Growth Mindset vs. Fixed Mindset: What Would You Do?


If being a leader was an easy job, everyone would do it. But it’s not. 

Whether heading a team of 10 or 100, being a leader is incredibly challenging and comes with a boatload of responsibilities. How you handle them determines how much potential your organization has to grow– even in the face of market slumps, emerging competitors, changing consumer tastes, and whatever else comes your way. 

So, how can you ensure that your team can weather any storm and come out on top? It all comes down to your mindset. 

With a growth mindset, you don’t think there’s any such thing as a “born leader.” Instead, you see your intelligence and skills as something moldable through effort. You’re hungry for challenges that push you past the edge of your abilities. You know the value of productive struggle and sustained effort because even if you don’t succeed, it’s still an opportunity to fail forward. 

Leaders with a fixed mindset don’t believe that people can evolve or don’t see the point in doing so. In their eyes, everyone is born with a particular set of skills and level of intelligence, and to try those limits is a fruitless waste of time. Once they’re good at something, that’s as far as they’re willing to go, and if they fail at something, that must mean they were never meant to do it in the first place. 

It’s pretty clear which mindset makes for better business leaders, but no one falls neatly into one camp or the other. Even if you have a growth mindset about our employee’s abilities, for example, you might feel that you’ve reached the peak of your abilities, so trying to expand your skill set is pointless. 

Let’s look at how a growth vs. fixed mindset plays out when you’re a leader by evaluating how you’d handle different business scenarios.

Growth Mindset vs. Fixed Mindset Scenario #1: Remote Work Opportunity

Your team’s work could easily be done remotely, saving your employees the stress of commuting, finding childcare, etc. However, you’re not prepared with the necessary infrastructure to ensure that everyone has a fully equipped office, and there is some concern about whether your usually productive team will find remote work too distracting. 

What would you do?

  • This is an exciting opportunity to modernize your business practices, with the added bonus of saving your employees time and money. Plus, anyone who wants to come into the office is more than welcome to! But before you’re willing to make the switch, you want to prepare your team for the transition by training them on any collaboration platforms they’ll use when working from home.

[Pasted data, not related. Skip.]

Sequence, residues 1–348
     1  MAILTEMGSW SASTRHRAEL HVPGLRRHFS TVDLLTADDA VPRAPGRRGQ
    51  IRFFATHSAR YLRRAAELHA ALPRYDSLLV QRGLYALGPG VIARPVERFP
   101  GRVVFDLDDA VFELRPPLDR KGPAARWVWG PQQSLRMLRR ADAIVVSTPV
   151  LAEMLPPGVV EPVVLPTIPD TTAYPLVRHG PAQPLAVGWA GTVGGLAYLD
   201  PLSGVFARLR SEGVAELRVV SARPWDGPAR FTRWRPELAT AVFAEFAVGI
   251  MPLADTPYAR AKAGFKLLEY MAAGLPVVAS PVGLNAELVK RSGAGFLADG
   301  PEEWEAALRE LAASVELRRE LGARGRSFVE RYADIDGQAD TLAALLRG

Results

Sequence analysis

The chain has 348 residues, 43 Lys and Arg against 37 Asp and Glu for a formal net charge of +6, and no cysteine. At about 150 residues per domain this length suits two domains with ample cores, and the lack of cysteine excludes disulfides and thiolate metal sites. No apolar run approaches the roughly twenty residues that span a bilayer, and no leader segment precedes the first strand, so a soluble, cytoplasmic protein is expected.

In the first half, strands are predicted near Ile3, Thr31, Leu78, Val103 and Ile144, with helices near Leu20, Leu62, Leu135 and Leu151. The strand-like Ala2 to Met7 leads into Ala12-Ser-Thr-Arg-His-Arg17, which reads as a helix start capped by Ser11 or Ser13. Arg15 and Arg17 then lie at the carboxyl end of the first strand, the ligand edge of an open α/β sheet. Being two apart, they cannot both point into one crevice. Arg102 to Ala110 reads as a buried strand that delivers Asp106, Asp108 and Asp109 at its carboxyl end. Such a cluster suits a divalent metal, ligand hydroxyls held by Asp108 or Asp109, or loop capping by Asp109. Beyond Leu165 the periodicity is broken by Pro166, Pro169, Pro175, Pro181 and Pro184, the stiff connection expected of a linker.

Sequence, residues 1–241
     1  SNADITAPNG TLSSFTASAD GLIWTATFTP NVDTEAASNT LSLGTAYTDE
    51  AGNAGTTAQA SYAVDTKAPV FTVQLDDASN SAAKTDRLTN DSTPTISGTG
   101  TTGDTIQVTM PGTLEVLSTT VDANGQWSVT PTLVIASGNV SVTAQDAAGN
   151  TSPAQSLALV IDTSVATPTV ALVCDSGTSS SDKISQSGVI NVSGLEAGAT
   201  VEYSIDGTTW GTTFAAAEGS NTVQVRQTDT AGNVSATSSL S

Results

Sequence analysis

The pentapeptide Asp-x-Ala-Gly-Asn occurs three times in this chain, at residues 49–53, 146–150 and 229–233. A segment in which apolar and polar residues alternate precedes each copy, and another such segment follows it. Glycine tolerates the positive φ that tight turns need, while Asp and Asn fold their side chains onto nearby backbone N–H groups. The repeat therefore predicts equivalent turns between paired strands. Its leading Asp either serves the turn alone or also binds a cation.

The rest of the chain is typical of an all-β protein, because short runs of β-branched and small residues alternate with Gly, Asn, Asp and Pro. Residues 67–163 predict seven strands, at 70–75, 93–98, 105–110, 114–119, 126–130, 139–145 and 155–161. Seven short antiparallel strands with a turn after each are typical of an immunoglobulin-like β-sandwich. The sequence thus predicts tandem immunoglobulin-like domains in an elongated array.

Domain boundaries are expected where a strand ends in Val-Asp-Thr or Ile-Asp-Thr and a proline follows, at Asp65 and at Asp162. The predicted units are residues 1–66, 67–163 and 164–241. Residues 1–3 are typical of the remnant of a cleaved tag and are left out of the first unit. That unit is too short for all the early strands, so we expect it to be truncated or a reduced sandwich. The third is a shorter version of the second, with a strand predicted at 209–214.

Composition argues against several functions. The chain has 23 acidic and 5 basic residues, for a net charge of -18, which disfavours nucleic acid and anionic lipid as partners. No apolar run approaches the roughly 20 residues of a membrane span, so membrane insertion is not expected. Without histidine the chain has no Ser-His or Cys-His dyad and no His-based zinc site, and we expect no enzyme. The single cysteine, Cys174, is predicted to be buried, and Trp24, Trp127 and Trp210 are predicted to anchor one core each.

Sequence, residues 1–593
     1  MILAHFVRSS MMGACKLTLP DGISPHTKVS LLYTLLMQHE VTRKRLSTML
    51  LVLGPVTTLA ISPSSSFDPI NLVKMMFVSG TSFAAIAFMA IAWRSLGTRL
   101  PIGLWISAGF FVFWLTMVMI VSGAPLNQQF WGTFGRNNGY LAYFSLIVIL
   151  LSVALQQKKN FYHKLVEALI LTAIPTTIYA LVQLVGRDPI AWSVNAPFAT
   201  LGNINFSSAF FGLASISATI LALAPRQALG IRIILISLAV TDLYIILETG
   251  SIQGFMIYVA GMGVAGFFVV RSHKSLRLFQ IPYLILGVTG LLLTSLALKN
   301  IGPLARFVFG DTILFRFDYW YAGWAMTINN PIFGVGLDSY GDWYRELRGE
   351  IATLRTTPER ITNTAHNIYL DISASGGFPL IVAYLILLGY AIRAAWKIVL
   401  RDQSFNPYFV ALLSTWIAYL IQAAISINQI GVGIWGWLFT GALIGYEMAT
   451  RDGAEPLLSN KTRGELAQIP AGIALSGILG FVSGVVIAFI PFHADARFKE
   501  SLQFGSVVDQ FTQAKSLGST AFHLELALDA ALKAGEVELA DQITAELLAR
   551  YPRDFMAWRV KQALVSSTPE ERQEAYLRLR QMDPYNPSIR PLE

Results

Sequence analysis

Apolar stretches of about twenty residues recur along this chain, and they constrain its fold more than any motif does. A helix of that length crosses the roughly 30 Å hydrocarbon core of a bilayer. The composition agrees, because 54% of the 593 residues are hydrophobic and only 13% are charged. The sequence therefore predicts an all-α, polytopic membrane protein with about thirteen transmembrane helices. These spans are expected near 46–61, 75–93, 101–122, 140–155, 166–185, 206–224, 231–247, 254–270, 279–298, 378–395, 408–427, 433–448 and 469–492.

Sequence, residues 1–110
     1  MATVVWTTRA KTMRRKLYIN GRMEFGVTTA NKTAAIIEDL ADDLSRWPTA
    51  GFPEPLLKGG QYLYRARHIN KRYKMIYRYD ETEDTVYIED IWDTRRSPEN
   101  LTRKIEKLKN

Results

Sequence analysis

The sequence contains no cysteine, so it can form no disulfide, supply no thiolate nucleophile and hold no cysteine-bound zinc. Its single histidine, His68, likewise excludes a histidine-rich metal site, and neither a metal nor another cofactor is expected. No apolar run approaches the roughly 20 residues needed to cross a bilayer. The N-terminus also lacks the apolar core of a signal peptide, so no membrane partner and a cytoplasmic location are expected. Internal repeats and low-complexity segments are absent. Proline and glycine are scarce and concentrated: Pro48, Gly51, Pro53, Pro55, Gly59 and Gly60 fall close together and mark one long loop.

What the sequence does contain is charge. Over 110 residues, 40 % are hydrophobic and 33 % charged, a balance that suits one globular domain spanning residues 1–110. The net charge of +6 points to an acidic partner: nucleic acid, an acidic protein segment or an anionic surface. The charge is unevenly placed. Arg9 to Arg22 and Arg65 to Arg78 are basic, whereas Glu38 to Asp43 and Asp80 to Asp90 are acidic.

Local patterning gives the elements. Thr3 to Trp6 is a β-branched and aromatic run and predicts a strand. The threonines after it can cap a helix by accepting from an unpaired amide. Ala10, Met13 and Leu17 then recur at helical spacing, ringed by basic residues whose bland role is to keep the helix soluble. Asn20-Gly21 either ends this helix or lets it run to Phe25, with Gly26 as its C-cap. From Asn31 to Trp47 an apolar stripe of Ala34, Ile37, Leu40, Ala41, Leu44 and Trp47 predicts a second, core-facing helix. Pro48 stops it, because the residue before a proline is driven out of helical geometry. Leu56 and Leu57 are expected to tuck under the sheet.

• You’re uncomfortable that your team won’t have managerial supervision and what they may try to get away with if they’re not working in the office. You’re not willing to risk productivity slipping, so you decide to keep an in-person-only model. Now, there’s no need to waste time learning how to use new tech tools or paying the license fee for screen monitoring apps. 

Growth Mindset vs. Fixed Mindset Scenario #2: Responding to Feedback

Last week, you called your team together for a particularly tense meeting, the last one before you’re supposed to launch a marketing campaign for an upcoming product release. As you’re reviewing all of the project components and assigning last-minute tasks, you notice that the designs for your social media ads are way behind schedule. Your graphic designer, Andrew, was out sick for two days last week, so, in a moment of frustration, say to them, “If this campaign flops, that’s on you. This work should have been done already.” 

The next day, Kathy, the team lead for the social media department, asked to speak to you privately and told you that she was concerned with how you talked to Andrew because your tone was unnecessarily harsh. It also implied that he was somehow to blame for being ill and, in the future, must put work ahead of his health.

What would you do?

  • After Kathy gives you her perspective on the situation, you realize that it was unfair to put the success of the entire campaign on Andrew’s shoulders when he was only one part of the project. You let Kathy know that you appreciate her insights and work with her to create a plan to delegate deadline-sensitive work when employees are sick in the future. Then, you ask Andrew to meet with you so that you can apologize and reassure him that you now have a protocol in place. 
  • Kathy is overreacting, and if Andrew wants to make it in this business, he will have to learn how to take constructive criticism. He should see your frustration as a compliment– You were simply acknowledging how critical his skills are to the success of your business. Now, he knows he needs to be a team player by pushing through his workday or wrapping up the project while he’s just sitting around at home. You never address the comment with Andrew or Kathy again. 

Growth Mindset vs. Fixed Mindset Scenario #4: Self-Improvement

Your IT team recently rolled out a new project management tool that should make cross-team collaboration easier. During the first training session, you’re really struggling to get the hang of the interface. It’s not intuitive to you, and there are way too many features to sort through.